Indeed, as the clinical development process evolves, a drugmaker's knowledge of and creativity in selecting appropriate trial designs is part of the due diligence that investors perform, according to Jim Healy, general partner at Sofinnova Venture Partners in Menlo Park. The use of tools such as biomarkers, big data, master protocols and adaptive designs represents "different ways of coming at the same theme," he said.

"If you can identify a patient population that will have the highest response rate, highest treatment effect and best safety margin, those are the patients for which the drug should be the safest and most effective," Healy said. "The question is: Do you want to do the stratification using biomarkers? And how will those biomarkers be used across different ages, races and genders to identify relevant subgroups of patients?"

When looking at older populations, for instance, biopharmas should examine the impact of declining mobility and metabolism on a drug candidate's efficacy. Geriatric patients have different levels of drug absorption, distribution, metabolism and excretion and typically use many more drugs than younger populations. "It's important to understand that whole process," Healy said. "They're much more complicated patients."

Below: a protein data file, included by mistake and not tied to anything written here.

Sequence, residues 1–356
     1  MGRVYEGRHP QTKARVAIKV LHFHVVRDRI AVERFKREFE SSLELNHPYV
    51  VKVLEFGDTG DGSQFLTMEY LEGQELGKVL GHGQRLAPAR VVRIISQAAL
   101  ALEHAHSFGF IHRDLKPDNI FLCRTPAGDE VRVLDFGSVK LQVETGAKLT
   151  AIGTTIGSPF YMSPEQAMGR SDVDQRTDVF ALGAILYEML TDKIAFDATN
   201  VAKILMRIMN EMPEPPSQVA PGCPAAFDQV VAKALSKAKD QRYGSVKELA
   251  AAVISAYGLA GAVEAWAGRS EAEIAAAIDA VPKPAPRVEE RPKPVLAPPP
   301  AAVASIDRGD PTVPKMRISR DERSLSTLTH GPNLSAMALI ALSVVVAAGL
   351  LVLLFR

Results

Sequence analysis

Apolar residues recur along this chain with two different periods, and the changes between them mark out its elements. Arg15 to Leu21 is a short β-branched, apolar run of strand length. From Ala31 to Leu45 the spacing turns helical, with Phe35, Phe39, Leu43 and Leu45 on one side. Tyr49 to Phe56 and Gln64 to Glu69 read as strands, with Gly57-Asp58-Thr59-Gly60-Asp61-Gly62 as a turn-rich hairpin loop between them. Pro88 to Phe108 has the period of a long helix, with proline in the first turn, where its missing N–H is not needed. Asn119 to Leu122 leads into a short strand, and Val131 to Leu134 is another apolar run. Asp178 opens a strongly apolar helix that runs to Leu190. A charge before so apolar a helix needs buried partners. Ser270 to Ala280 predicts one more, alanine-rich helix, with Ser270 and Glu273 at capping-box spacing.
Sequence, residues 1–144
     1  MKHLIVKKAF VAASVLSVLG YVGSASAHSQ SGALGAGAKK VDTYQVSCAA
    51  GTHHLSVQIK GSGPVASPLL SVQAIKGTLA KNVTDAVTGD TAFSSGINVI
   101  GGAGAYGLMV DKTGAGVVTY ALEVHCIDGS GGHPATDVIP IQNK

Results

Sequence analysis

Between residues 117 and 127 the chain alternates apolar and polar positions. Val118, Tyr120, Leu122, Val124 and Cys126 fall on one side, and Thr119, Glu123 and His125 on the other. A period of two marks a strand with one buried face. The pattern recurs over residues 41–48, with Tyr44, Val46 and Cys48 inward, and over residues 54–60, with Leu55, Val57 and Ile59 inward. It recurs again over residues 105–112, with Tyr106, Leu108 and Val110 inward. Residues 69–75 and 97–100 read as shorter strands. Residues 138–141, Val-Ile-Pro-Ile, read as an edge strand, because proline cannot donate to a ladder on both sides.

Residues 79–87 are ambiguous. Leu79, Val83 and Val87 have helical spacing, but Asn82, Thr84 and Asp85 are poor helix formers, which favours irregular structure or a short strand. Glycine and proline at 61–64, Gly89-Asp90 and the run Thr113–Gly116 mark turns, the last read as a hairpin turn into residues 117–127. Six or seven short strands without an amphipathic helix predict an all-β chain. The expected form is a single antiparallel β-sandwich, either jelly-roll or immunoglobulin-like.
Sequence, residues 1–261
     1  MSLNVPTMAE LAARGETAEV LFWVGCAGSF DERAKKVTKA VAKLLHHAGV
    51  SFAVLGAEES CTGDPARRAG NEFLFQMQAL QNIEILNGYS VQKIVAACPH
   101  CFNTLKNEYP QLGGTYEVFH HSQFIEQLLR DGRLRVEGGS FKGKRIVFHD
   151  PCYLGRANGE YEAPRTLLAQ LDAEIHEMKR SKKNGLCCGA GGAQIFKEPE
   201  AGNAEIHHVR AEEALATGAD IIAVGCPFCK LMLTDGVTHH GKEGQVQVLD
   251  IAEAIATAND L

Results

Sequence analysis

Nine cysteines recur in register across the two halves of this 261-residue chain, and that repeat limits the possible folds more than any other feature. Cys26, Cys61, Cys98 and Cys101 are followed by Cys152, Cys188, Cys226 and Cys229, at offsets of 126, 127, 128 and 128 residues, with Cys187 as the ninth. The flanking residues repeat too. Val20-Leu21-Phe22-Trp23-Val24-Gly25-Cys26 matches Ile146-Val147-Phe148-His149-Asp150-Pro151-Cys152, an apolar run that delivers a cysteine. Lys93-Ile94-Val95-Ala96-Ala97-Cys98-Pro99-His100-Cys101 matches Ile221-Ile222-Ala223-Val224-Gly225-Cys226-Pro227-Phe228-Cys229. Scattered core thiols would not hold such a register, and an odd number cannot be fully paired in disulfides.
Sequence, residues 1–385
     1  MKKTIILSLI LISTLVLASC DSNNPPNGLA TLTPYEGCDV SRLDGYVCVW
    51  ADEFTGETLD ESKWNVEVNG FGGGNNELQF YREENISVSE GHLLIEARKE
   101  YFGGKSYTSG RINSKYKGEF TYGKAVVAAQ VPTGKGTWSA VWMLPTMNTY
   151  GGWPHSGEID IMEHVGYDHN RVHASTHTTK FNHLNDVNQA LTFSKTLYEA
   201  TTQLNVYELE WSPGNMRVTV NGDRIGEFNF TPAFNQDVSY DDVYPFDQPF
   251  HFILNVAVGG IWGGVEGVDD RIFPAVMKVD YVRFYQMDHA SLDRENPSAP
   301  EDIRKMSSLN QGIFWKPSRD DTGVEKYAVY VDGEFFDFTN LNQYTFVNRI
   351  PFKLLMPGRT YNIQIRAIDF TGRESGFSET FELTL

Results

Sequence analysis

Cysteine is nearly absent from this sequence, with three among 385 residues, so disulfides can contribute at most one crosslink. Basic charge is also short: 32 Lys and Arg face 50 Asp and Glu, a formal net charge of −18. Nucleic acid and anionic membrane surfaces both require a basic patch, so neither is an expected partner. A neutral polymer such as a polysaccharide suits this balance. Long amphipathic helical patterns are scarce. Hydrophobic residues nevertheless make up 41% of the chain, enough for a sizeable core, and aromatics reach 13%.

For active trials in its portfolio companies, Sofinnova wants to see appropriate distribution across geography, gender, disease severity, race and age. Addressing such concerns requires sponsors and CROs to rigorously monitor patient distribution, sometimes initiating additional sites or shutting down existing ones to attain the right balance.

"It takes a lot more time and effort, and more money, as well," Healy admitted.


But broader outreach also could improve trial outcomes. An analysis of data from Cortellis CTI conducted this year by Alvaro Arjona, editorial director for drug development in the IP & Science Division of Thomson Reuters, found that inadequate subject enrollment was cited in 60 percent of the 5,900 terminated trial records in the database.

Seeking to use adaptive trial designs and to enroll more inclusive populations aren't mutually exclusive goals, according to Wuxi's Mu. Instead, the use of adaptive design can enable sponsors to conduct more efficient trials of potentially promising drugs in subpopulations without wasting precious resources.

He offered some hypothetical scenarios.